The hormone cortisol prepares the body for action in times of stress. According to professor Len Kravitz, Ph.D., of the University of New Mexico, cortisol mobilizes energy by using stored proteins and fat, delivers resources to working muscles and acts as an inflammatory agent when the immune system acts up during stressful situations. Despite its benefits, continuously high levels of cortisol can wear down the body. Therefore, engage in stress-reducing activities to lower cortisol levels.
Exercise not only combats health problems related to obesity, it also provides distraction from everyday worries, improves physique and de-stresses the mind. In fact, the University of Maryland Medical Center says even walking at a high speed for short distances can help the body to relax. As your mind stops worrying about its problems, it will stop telling the hypothalamus to release cortisol to prepare it for action. In other words, 30-minute daily episodes of physical activity can help lower your cortisol level by reducing your stress level.
Deep breathing activities calm the body, refocus the mind and decrease stress. To partake in one, start by placing yourself in a relaxing position, whether in bed, on the couch, on the floor or in a comfortable chair. Then, concentrate on breathing deeply in through your nostrils as though you were inhaling all the oxygen around you. Hold that breath for two seconds and then exhale it from your mouth in a large sigh of relief. Carlos P. Zalaquett, Ph.D., of the University of South Florida, says sighing may help to heighten the effects of the relaxation response. Cortisol and other stress hormones can accelerate your heart rate, causing undue stress on the walls of the blood vessels. Deep breathing exercises will counteract the effects of stress and cortisol by slowing down your pulse rate and blood circulation.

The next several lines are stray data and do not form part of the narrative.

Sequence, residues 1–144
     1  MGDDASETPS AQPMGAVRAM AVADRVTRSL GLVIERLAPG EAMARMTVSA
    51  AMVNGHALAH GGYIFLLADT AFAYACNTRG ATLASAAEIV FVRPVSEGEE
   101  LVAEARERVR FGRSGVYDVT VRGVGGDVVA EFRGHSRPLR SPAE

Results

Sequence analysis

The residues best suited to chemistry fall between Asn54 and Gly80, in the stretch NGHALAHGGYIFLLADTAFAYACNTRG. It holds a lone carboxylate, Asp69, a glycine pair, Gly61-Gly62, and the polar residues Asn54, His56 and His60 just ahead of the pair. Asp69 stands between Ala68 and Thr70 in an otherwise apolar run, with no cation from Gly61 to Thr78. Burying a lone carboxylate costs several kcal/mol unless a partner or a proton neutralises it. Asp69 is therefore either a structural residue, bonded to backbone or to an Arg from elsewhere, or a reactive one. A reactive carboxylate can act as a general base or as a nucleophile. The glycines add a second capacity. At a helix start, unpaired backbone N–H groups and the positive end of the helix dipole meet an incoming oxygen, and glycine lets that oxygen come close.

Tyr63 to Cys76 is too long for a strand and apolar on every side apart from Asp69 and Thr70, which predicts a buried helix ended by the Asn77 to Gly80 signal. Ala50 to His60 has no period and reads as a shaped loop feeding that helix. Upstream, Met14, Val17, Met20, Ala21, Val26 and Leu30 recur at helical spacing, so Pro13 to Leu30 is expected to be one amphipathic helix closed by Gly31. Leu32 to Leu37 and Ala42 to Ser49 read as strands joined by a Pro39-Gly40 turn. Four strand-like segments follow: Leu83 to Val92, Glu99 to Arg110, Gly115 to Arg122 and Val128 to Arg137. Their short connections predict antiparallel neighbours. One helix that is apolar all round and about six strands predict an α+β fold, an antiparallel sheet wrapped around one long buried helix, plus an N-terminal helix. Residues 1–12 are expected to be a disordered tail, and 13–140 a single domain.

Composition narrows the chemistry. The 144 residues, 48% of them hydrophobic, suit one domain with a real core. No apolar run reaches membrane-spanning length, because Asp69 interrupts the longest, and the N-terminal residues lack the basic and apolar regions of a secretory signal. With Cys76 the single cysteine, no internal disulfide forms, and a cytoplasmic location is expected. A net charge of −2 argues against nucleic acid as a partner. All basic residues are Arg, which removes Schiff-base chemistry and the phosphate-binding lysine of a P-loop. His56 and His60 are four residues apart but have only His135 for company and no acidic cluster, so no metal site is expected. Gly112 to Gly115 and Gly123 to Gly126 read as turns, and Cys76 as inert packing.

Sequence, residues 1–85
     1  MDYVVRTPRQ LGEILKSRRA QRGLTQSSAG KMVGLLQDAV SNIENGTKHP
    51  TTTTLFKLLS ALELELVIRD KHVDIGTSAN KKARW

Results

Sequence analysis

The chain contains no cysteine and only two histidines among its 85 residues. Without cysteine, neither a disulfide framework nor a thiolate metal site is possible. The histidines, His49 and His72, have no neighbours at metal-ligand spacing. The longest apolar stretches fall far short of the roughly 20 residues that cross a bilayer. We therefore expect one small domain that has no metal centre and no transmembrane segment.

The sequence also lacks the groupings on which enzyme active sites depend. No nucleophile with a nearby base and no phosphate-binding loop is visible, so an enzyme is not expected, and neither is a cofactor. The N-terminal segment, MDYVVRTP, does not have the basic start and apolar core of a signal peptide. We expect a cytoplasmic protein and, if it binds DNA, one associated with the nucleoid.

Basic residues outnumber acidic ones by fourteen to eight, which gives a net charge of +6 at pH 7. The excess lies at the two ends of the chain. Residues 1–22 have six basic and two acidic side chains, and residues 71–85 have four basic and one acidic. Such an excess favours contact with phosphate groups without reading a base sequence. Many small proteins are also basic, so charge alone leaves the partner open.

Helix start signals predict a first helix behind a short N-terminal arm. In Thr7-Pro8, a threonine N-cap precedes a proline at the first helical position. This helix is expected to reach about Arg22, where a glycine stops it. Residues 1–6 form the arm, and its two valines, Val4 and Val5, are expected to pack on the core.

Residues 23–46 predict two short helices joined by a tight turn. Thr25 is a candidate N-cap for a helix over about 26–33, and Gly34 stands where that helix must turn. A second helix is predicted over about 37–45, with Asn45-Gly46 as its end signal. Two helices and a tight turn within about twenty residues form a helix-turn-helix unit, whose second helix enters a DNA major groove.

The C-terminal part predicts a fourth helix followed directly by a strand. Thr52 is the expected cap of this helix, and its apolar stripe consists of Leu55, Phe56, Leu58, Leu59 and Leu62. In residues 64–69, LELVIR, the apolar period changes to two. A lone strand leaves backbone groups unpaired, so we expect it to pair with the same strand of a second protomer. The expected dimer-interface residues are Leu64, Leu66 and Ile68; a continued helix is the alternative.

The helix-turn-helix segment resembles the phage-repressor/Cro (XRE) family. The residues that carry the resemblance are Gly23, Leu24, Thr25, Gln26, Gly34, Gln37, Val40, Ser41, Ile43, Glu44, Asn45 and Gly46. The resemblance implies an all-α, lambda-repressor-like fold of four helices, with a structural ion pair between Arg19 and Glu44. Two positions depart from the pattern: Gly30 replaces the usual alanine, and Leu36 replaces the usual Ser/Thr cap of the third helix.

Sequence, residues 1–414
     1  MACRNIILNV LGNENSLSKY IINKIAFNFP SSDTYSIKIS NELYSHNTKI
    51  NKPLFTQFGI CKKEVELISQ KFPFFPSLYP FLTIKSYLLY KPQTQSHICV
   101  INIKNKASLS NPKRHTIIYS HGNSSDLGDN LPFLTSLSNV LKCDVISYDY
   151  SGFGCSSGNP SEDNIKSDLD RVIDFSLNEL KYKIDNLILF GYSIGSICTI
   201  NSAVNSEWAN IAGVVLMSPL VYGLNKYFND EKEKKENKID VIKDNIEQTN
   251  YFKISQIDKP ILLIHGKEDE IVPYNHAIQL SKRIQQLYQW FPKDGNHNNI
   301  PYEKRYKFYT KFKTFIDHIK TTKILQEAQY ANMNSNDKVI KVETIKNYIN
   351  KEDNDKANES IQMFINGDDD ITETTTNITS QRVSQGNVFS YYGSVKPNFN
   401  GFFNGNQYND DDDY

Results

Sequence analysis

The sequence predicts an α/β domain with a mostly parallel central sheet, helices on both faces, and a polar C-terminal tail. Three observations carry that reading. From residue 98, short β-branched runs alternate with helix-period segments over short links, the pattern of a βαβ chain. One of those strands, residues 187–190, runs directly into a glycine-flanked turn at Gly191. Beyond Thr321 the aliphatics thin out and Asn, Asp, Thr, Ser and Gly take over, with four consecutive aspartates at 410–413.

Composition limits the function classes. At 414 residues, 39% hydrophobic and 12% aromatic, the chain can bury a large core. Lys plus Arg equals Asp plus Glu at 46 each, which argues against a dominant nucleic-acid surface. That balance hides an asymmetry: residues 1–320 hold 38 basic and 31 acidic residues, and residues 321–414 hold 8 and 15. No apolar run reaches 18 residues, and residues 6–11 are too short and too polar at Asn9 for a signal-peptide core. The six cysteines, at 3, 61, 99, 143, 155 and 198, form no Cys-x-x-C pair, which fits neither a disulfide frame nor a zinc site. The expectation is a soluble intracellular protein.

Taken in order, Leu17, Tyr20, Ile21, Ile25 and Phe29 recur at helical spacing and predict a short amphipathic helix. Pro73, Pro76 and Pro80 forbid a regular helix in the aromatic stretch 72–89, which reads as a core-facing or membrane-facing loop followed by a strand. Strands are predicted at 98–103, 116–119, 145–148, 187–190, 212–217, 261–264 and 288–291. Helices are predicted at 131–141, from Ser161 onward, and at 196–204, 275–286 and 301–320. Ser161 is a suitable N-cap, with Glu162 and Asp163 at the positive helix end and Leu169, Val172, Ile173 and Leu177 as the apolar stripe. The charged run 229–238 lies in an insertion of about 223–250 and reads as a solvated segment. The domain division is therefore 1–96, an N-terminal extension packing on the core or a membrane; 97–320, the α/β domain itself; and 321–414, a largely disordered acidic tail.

According to the Centers for Disease Control and Prevention, meditation relaxes the body, improves your psychological well-being and helps you to cope with illness. Begin by finding yourself a comfortable, quiet location, free from any distraction. The goal of meditation is to focus the mind on a thought, or mantra, like “peace,” on an object like a flower or on controlling your breathing. Along with mental concentration, meditation encourages you to breathe deeply, slowing your heart rate and lowering your stress level, which in turn will naturally reduce your cortisol level. Although meditation may not work for unnaturally high levels of cortisol due to a disorder, it can relax you in normal situations where stress overtakes your body.
- University of New Mexico: Stress Cortisol Connectionrel="nofollow"
- University of South Florida: Breathing Techniques; Carlos P. Zalaquett, Ph.D.rel="nofollow"
- Centers for Disease Control and Prevention: Meditationrel="nofollow"
- University of Maryland Medical Center: Stress Lifestyle Changesrel="nofollow"
- Stress image by Yvonne Bogdanski from Fotolia.com
This article reflects the views of the writer and does not necessarily reflect the views of Jillian Michaels or JillianMichaels.com.